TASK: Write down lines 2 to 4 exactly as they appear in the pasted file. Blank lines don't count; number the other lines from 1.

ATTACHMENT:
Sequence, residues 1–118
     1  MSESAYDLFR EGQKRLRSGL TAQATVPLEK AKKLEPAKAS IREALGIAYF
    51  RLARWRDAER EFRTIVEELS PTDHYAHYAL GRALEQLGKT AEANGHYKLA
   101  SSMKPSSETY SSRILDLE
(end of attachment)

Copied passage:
     1  MSESAYDLFR EGQKRLRSGL TAQATVPLEK AKKLEPAKAS IREALGIAYF
    51  RLARWRDAER EFRTIVEELS PTDHYAHYAL GRALEQLGKT AEANGHYKLA
   101  SSMKPSSETY SSRILDLE